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inflict. The unhappy creature had been
beaten with rods (willow canes split each
into three), and in the frenzy of her agony
and shame had immediately after her liberation
from the police-den of torture, rushed
to the river with the intention of committing

The hair-dresser, than whom a kinder-
hearted seizer of ringlets never existed, would
not allow this poor waif and stray to depart
out of his house. Learning by degrees her
unhappy story, he offered her an asylum, and
treated her as one of his own children. She
went on improving for a time; but, by degrees
she fell into a sable melancholy. When I
saw her, she had been mad for eighteen

I have done, now, for very sickness, with
the judicial police. I have heard some curious
tales, in my time, about the Austrian police,
and about the Neapolitan police, which all
plain men know to be intolerably abominable.
The employés of the Rue de Jerusalem are
not wholly immaculate, I believe; nay, under
our honest, hard-working, plain-sailing
Scotland Yard régime, we have had policemen who
have stolen geese, and others who have broken
into houses. But, as grand masters of the art
and mystery of villany; as proficients in
lying, stealing, cruelty, rapacity, and
impudence; I will back the Russian police against
the whole world of knavery.


"A voice of weeping heard, and loud lament."

THE heath was brown upon a thousand hills,
The rank weeds rotted in the slender brooks;
The plumy fern had wither'd to the root,
And o'er-ripe hazels slipp'd their shrivell'd husks.
The solemn woods -- the deep and secret woods
Their closest thickets open to the sky,
Now sway'd their lean, lank branches drearily,
And sang wild dirges for their summer prime.
Then rose, with sough and swell, the sighing wind,
And sweeping through the hollow forest glades,
Snatch'd from the trembling boughs their few last

And, building funeral-piles round root and log,
Far in the distance died with hollow moan.
There grew upon the air a doleful voice;
A mournful wail, a melancholy cry;
As from some potent spirit sorely wrung
By loth submission to unkindly fate:
A mournful cry, which every hill and vale
Re-echo'd drearily with added grief.
Then floated through the sky a noble form,
Yet somewhat wan and pale. A radiant form,
Though half his rays were veil'd in clinging

His eyes were hidden by his trembling hands,
And his fair head droop'd on his mighty breast,
While from his lips there came the same sad cry,
Tremulous, wild, uncertain, full of woe.

"O I am failing, failing day by day:
My strength wanes fast, and all my cherish'd beams
Have faded to a wan and feeble gleam.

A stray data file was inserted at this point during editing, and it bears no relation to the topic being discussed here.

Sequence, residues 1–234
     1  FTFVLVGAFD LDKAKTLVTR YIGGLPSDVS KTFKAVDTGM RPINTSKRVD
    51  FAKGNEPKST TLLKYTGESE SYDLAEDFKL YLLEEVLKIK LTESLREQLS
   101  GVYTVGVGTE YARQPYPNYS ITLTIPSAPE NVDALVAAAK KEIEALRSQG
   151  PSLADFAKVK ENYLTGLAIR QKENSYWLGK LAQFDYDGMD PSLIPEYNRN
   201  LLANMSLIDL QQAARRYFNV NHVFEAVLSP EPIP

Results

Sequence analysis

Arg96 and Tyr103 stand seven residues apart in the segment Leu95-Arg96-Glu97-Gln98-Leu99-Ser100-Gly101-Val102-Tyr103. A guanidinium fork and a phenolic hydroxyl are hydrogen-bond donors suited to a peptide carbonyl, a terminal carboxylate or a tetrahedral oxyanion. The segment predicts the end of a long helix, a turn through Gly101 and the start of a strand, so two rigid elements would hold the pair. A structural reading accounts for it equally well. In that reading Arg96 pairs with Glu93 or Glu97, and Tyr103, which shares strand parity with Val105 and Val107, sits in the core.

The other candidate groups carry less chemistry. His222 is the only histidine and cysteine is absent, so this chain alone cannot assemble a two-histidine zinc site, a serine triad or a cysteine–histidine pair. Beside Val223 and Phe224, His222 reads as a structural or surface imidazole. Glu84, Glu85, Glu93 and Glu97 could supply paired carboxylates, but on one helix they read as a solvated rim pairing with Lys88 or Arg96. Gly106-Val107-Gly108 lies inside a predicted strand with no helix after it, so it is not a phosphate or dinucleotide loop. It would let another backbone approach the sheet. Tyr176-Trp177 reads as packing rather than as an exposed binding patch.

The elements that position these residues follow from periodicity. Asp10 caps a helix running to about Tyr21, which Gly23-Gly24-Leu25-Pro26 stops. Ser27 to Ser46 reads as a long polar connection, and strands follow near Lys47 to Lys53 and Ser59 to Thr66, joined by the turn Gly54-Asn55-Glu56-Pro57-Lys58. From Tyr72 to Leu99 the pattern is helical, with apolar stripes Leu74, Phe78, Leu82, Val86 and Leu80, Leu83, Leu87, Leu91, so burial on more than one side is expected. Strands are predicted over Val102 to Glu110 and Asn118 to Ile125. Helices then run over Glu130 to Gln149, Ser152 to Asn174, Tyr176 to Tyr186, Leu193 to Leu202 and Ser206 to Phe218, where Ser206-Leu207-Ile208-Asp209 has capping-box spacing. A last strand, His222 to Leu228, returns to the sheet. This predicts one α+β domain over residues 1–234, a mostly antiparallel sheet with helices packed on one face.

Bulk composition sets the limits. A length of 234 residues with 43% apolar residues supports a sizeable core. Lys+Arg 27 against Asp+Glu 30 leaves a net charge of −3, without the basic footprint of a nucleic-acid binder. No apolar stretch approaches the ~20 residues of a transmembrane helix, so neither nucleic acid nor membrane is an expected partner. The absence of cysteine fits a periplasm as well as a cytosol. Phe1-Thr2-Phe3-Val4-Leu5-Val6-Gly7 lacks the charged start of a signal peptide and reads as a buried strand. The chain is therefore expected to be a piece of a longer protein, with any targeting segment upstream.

Where is my russet mantle tipp'd with gold,
The robe I wore upon the morning hills?
Fallen from my shoulders! For the subtle mist,
The vapour chill, the yellow glaring fog,
Now wreathe around me, and I seem to men
An angry, boding meteor, red as blood.

"Where is the splendour of my noonday prime,
That bathed the silent hills and dreamy woods
In welling waves of clear and golden light?
Where is the kingly garb I wore at eve,
Deep-dyed with purple and a crimson hue,
The flush of pride at my own loveliness?
Gone! gone! And, in their stead, the insolent

Who some few courses since did quake and flee,
Lest haply they should feel my meanest ray
Now stain my beauty with their jealous breath,
And shoot such shafts of rain before my face
That I grow blind, and grope amid the heavens,
And journey on in gloom, and doubt, and fear.
I feel the coming of mine ancient foe:
He whom in early spring my golden darts
Smit to the death, and drove, all weak and faint,
To seek the covert of his desert caves.
But these, his ministersthe mist, the fog,
The blinding clouds, the rain, the hail, the snow,
The nor'-wind shrieking from the far-off hills,
Wet with the breath of lonely waterfalls
Are sent to chase me from my rightful throne,
And o'er my kingdom throw a funeral-pall!
Now must I seek me out some other clime,
Where Winter never comes with chilly breath,
And leave this pleasant land I love so well
A prey to bitter frost and long keen nights!"

He pass'd away. Then, for a little space,
Was silence, and I listen'd hush'd in awe,
Till from fair Nature's deepest shrine there came
Sweet voices, very sad and sorrowful,
That cried, " Our joy is fled!" Atween the trees,
And all across the plains they wailed low.
Through the dim mountain-clefts, around the crags,
Drear moanings went, that swoon'd adown the

And the sheer cataract, leaping lost in spray,
Gave answer mournfully, "Our joy is fled!"
Shrill blew the wind, and smote the haggard woods
Till every naked bough rock'd to and fro,
And rattled serely, as the bones of one
Long wasted by disease who nears his death.
A gloomy shadow fell; the air grew dense;
The distant hills loom'd high and strangely near;
Then, from the north, vast shapes of boiling mist
Came surging o'er the sky; and straight the scene
Lost in a moment all familiar look.
Now high, now low, the eddying masses roll'd,
Pile heap'd on pile in wild confusion blent,
Filling with dim dismay the vault of Heaven.
Down whirl'd with giddy round the flakes of

Then sounded loud and shrill the sleety wind;
For they were herald ministers of him
Before whose coming fled that glorious form.
And now he camethe dreaded oneall hoar,
In mantle, black with thunder-clouds, array'd;
A thousand storms deep-scarr'd upon his brow;
His frozen locks fierce shaking through the air,
And in his eyes the gleam of frost-night stars,
That wheresoe'er it fell brought deadly chill.
The swiftest fountain stood a shaft of ice;
The fleetest brook flow'd still and silently;
The earth grew rigid as a seven days' corse